Cleaning Your Bottom

After a week, soft growth will form a thin layer of slime that will drastically reduce your speed and efficiency through the water. Bottom paint can help retard the speed at which this growth occurs, but it will still happen and it will still slow you down. 

Modern day commercially acceptable ways to clean your hull include short hauls, where you power wash the bottom, and hiring a diver who scrapes your hull in the water.  

Both of these options are rather expensive after a while, which has led people in high tidal ranges to explore alternative options. One such favorite is to take the boat into shallow water with a leg tied to it. As the tide goes out, the leg keeps your boat from tipping over as it rests on its keel and rudder. With the tide out, you are able to scrape and scrub the hull clean. I have even seen people paint their hull before the tide comes back in! 

In Maryland, our tide is much less drastic with a range of 1 to 3 feet. This means that my 6 foot keel will not be coming out of the water by natural means any time soon. 


Since the cost of short hauls adds up over time, I have experimented with other methods to clean my hull as it floats in the water.  

My favorite, and most reliable method is to use a 12 inch wide wallpaper scraper to clean the bottom. It covers a lot of bottom on each scrape makes quick work of the job. The problem is the water in the bay is extremely murkyat times and I can't see where I am or where the surface is. This makes free diving under the hull less than desirable.  

I then tried lashing the wallpaper scraper to a long boat hook. This worked well for the sides of the keel and hull, but was impossible to clean the turn off the bilge! No matter how I positioned the pole, I simply could not reach into that concavity.  I also feared dropping the boat hook or having the scraper slip off the end of the pole. They were well tied, but they were not permanently connected. 

This led to my latest and favorite method, the hoe. The hoe has a blunt blade that turns ninety degrees with the relation to handle. This angulation places the blade perpendicular to the hull, letting you scrape the hull and reach the turn of the bilge all from the surface of the water. 


From the comfort and dryness of the dinghy, the blade is set against the hull and guided by the top of my foot. I push the hoe as deep as I can and then draw up with force. The up stroke is where the cleaning occurs! I like to start deep and work my way towards the surface, continually cleaning and scraping until I don't see any more muck floating off in the water. At this point, I move a few inches over and begin the process over again.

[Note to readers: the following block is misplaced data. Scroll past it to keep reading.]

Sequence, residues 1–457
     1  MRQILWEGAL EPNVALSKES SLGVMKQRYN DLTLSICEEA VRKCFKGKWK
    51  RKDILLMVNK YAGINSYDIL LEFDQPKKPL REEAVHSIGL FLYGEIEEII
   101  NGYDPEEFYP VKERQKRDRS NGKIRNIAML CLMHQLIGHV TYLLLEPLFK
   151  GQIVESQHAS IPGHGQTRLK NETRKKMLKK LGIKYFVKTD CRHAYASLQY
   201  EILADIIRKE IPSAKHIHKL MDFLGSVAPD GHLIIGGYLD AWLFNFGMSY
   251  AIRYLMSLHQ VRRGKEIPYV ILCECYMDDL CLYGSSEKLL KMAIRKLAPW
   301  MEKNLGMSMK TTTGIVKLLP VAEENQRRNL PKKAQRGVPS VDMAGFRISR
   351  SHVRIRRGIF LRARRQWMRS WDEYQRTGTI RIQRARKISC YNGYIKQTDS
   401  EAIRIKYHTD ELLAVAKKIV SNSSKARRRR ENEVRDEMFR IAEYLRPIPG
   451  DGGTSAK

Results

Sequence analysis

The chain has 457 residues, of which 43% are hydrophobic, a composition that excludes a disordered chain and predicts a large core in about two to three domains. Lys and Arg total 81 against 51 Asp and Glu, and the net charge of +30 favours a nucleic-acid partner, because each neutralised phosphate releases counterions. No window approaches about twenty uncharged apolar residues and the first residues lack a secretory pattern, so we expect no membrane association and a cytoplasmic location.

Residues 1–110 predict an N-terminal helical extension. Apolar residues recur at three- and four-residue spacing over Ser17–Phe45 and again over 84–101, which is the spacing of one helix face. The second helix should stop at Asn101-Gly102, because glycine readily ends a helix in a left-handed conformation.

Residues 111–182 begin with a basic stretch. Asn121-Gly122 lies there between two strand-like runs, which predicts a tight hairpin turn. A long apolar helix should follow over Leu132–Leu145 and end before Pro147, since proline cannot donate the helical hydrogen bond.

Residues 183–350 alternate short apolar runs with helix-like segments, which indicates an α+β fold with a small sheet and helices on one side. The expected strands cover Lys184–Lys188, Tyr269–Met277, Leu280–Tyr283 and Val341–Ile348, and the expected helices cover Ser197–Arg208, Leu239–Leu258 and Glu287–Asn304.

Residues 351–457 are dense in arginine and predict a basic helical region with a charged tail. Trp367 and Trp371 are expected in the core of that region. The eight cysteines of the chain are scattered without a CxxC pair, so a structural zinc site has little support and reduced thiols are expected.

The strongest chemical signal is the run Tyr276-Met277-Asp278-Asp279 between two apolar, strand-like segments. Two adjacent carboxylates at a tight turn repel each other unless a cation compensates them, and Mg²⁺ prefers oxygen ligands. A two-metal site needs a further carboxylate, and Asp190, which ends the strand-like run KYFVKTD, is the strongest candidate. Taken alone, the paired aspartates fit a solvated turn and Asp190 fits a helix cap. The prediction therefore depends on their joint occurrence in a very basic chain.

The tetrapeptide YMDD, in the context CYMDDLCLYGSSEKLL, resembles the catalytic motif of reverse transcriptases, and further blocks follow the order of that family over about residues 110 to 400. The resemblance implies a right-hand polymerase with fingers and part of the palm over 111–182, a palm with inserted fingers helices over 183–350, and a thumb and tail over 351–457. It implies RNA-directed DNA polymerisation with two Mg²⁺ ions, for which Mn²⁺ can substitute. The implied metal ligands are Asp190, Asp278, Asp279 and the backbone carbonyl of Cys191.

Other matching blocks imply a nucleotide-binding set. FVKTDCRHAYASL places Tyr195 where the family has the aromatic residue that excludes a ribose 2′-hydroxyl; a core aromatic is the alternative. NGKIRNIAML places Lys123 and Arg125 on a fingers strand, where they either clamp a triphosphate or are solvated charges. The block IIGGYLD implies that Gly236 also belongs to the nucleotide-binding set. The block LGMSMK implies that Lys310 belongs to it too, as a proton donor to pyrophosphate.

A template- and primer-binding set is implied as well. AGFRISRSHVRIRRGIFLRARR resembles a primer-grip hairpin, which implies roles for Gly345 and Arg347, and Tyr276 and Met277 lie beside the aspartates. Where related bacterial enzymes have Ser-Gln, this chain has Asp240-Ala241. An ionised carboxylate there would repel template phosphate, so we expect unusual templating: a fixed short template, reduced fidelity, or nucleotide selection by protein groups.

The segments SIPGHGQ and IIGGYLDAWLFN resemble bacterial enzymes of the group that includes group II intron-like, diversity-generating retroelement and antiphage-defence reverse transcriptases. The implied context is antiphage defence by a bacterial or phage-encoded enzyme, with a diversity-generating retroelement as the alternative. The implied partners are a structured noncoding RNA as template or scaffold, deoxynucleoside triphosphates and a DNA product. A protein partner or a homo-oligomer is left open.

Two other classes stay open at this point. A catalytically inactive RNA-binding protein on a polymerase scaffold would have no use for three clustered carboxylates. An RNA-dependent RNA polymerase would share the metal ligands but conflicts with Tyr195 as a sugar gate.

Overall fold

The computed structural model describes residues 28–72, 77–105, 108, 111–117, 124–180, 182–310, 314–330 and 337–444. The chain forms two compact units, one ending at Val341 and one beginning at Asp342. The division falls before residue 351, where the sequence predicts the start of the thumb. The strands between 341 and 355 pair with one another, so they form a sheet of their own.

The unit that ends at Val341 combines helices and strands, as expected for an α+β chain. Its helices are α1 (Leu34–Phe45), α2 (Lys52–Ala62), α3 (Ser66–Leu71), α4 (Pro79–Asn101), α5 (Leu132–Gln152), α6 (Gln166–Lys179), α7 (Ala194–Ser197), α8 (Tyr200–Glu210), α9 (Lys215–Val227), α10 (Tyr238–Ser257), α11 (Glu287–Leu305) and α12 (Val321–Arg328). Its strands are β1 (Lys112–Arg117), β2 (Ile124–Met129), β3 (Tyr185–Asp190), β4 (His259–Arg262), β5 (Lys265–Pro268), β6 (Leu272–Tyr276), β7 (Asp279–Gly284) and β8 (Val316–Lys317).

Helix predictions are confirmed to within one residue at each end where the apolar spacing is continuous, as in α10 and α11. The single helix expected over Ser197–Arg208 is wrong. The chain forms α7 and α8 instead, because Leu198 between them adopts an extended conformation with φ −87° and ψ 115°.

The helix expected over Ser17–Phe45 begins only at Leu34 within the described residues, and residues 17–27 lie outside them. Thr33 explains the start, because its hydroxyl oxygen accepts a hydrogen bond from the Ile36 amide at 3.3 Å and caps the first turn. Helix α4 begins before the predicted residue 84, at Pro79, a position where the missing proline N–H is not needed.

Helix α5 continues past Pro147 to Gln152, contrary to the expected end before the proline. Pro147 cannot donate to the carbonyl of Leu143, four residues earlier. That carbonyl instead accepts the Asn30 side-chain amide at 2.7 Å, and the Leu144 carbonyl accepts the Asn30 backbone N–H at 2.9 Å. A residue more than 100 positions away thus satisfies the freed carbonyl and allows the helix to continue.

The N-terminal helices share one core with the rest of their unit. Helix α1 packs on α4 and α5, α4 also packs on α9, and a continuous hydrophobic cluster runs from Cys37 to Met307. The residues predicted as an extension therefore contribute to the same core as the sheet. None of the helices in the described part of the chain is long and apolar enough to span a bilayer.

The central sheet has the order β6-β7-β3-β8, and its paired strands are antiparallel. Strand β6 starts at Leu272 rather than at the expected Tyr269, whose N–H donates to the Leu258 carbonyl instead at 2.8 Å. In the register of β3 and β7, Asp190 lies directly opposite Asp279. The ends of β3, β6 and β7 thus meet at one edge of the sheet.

This may seem time consuming, but it's not that bad. In around 20 minutes, I was able to clean from keel to water line on our 45 foot sailboat (with a 32 foot waterline, we have 13 feet of overhangs). 

Later that day, I dove in with a mask and snorkel to clean the keel and rudder. The only differences were I was not dry and I didn't use my feet to guide the hoe. Instead, I would float at the waterline and extend the hoe as far as I could. When I felt the bottom of the keel, I knew I was in position and began cleaning the sides of the keel.  

I know I did a poor job on the keel and rudder, mainly due to visibility issues. The water was so murky that visibility was limited to 1 foot. I have no idea how the keel looked before or after the cleaning, but I know some improvement occurred.  

The reason I didn't dive under the keel with a wallpaper scraper was I could feel barnacles with the hoe near the bottom of the keel. The last thing I wanted was to puncture myself on an unseen spear of a shell in filthy water. If we were in clear waters of the Caribbean, diving under would be the ideal method of cleaning growth off of the bottom of the keel. Dangers under the hull could be located and avoided as the cleaning process takes place.  

The final test came when we set sail the next day. On our sail to this creek with a dirty bottom, we were running with 15kn of wind apparent at times while only moving 4kn. Now that the bottom is "cleaner" we were able to ghost along at 3-4kn in 5-10kn of wind on a run as well. Later in the trip, we were broad reaching at 6.5 knots during stronger winds. 

While we had minimal hard growth, the soft growth adds a lot of drag to the hull, slowing it's motion through the water.  


Morty certainly approved of the cleaner bottom as it meant we got to our destinations quicker and his walks came sooner!